A recent study calculated the effects of a founder’s death on mature family businesses. In it, the researchers discovered that businesses experienced a 60 per cent drop in sales, 17 per cent slide in employment, and 20 per cent lower survival rate following the founder’s death.

Why?

The study didn’t specify, but in our experience with family businesses, we’ve seen what happens when an owner departs without a firm succession plan in place.

Operations quickly begin to falter. Remaining employees stumble, unsure who to look to for guidance and leadership. Key stakeholders bicker as they try to figure out what comes next. In the process, customers bail, revenue suffers, and problems begin to compound.

As the business sputters, layoffs follow. Then, shutdowns. Not only do family members lose their income, but whole communities begin to suffer. Spouses take on extra jobs, kids take on student loans, and families start to buckle under the stress.

Planning for Disruption

If you haven’t put a succession plan together, you’re not alone.

Only half of the family businesses in the U.S. have a written succession plan in place. In Canada, that number drops to 17 per cent. In Latin America, a mere 9.9 per cent of family businesses have a written succession plan. China is only slightly better at a flat 10 per cent.

Family business owners have plenty of excuses for not attending to succession. For one thing, they’re busy! Tending to the pressing matters of today takes enough time and energy on its own. Who has the bandwidth to obsess about tomorrow?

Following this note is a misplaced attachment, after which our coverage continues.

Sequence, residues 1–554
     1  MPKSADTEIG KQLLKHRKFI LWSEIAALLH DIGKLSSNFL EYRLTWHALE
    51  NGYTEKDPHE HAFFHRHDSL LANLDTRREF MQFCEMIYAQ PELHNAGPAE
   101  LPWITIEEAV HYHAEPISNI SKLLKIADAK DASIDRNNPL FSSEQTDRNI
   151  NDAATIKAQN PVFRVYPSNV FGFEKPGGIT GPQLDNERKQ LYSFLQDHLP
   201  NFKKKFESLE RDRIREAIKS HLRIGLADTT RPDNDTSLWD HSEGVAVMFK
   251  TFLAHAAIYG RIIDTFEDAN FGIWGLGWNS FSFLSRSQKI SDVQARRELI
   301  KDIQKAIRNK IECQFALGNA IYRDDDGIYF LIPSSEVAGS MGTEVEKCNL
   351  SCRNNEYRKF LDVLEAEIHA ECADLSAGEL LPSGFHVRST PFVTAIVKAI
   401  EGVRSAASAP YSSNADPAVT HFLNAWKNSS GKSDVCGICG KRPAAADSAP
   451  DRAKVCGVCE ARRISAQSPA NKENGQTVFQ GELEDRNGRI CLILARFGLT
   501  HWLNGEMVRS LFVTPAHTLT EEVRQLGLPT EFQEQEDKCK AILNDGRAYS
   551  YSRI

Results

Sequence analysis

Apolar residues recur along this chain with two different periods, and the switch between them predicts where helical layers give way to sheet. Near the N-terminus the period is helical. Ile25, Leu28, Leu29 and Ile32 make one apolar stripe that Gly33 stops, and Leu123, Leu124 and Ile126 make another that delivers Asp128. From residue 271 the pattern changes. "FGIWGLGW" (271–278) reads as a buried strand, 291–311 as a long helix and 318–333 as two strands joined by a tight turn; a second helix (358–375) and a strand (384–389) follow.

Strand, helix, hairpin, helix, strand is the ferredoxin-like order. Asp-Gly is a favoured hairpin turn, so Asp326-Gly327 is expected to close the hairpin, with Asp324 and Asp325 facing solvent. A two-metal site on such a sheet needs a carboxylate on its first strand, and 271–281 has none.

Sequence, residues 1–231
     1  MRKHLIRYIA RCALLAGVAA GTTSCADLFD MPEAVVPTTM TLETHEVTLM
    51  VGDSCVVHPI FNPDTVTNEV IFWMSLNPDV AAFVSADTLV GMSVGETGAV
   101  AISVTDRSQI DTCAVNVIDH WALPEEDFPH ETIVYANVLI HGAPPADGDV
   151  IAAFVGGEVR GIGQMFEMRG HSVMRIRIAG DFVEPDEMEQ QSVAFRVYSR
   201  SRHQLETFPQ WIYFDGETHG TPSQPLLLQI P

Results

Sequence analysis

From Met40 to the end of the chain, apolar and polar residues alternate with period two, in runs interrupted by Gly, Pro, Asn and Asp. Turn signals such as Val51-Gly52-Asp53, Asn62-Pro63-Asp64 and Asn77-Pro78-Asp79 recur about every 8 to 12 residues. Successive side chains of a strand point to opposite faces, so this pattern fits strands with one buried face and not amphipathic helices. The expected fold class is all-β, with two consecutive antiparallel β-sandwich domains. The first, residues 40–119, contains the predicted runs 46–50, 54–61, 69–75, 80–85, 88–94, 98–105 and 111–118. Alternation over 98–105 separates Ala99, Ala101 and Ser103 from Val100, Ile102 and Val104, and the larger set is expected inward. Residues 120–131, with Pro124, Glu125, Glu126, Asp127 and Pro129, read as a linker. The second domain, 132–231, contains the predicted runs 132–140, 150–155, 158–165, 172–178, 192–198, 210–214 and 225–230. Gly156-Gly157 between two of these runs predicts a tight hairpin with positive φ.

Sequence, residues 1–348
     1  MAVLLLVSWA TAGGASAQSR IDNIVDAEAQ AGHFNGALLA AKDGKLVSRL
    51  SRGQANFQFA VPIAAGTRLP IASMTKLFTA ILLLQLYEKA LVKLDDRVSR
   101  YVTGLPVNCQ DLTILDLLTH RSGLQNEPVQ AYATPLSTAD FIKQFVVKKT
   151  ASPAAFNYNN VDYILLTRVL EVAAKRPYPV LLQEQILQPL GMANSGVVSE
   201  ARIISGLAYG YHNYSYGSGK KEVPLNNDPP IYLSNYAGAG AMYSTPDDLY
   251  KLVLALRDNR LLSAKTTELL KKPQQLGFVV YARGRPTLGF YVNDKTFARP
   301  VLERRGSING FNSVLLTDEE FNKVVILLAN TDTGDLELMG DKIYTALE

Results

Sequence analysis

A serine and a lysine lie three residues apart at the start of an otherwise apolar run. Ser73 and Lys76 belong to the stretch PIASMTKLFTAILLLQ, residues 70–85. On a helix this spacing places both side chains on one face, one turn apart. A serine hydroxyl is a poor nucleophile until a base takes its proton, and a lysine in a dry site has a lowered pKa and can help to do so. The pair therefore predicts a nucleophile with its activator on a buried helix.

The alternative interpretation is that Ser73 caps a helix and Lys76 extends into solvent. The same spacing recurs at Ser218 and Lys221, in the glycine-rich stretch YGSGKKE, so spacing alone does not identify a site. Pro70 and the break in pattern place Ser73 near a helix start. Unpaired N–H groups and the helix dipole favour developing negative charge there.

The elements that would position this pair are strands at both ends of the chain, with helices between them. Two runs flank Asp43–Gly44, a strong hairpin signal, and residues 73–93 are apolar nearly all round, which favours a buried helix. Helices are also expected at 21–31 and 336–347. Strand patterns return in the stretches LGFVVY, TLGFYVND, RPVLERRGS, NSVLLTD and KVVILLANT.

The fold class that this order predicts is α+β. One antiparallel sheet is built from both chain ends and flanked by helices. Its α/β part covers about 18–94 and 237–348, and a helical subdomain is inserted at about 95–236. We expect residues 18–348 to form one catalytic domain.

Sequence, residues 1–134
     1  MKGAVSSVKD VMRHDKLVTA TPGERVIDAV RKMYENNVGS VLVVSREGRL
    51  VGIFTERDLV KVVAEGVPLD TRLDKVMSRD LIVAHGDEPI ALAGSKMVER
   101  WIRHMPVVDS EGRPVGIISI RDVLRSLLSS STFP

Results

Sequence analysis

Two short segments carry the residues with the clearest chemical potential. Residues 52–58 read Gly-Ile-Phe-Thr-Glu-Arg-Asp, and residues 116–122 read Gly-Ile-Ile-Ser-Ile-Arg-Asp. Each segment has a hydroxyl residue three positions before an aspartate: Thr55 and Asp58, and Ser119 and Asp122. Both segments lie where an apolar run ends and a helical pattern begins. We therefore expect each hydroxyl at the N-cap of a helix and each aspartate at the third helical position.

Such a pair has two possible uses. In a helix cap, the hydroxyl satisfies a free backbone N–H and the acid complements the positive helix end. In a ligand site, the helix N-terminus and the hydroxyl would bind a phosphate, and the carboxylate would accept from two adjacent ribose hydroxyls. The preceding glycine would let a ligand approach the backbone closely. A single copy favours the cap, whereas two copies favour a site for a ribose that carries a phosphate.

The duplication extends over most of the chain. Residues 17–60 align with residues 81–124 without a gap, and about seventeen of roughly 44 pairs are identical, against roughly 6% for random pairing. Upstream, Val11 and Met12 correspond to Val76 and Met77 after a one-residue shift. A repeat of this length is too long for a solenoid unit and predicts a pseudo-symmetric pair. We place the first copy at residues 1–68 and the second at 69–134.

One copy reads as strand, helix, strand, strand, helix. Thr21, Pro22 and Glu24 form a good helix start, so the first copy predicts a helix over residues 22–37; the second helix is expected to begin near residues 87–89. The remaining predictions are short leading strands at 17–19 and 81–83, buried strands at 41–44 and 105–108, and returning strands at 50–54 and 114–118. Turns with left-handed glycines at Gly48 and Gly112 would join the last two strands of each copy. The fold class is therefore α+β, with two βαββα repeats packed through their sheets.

We get it, but we’ve seen too many family businesses go down the drain to let you off the hook that easily. After all, what’s the point of doing all that building if you’re going to leave your business vulnerable to sudden catastrophe?

With the New Year, here are three simple steps you can take this year to ensure your company won’t slip into oblivion if you stop turning up at the office:

Inventory — Take stock of all your operations. Document key processes and make sure someone has access to that information. Don’t write everything down—just the crucial elements that live only in your head.

Identify — Handpick the person you’d want to run the business in your absence. Get their buy-in and spend some time preparing them for your job.

Insurance — Much like personal life insurance, key person insurance provides a financial safety net when a make-or-break employee dies. This payout enables the company to satisfy its financial obligations as it searches for a successor.

 Conclusion

 As we’ve seen, the survival of your family business impacts far too many people for you to leave it vulnerable to your sudden departure. You may feel invincible, but the sad fact of the matter is that life happens and family businesses lose founders unexpectedly.

So, get out your calendar and block some time to begin working on the three steps we’ve shared above. The future of your family business just might depend on it.

Interview: Lloyd Dorfman on UHNWs: ‘You don’t see a huge number giving’

Interview: Guy Hands, reign of Terra

Interview: Yanis Varoufakis on the end of Europe — and capitalism 



 

FOLLOW US ON